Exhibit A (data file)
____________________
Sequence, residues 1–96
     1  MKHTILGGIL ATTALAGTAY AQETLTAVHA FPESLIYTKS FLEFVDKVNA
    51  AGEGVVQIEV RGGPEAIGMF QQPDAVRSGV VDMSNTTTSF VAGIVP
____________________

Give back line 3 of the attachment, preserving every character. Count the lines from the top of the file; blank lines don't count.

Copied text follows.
    51  AGEGVVQIEV RGGPEAIGMF QQPDAVRSGV VDMSNTTTSF VAGIVP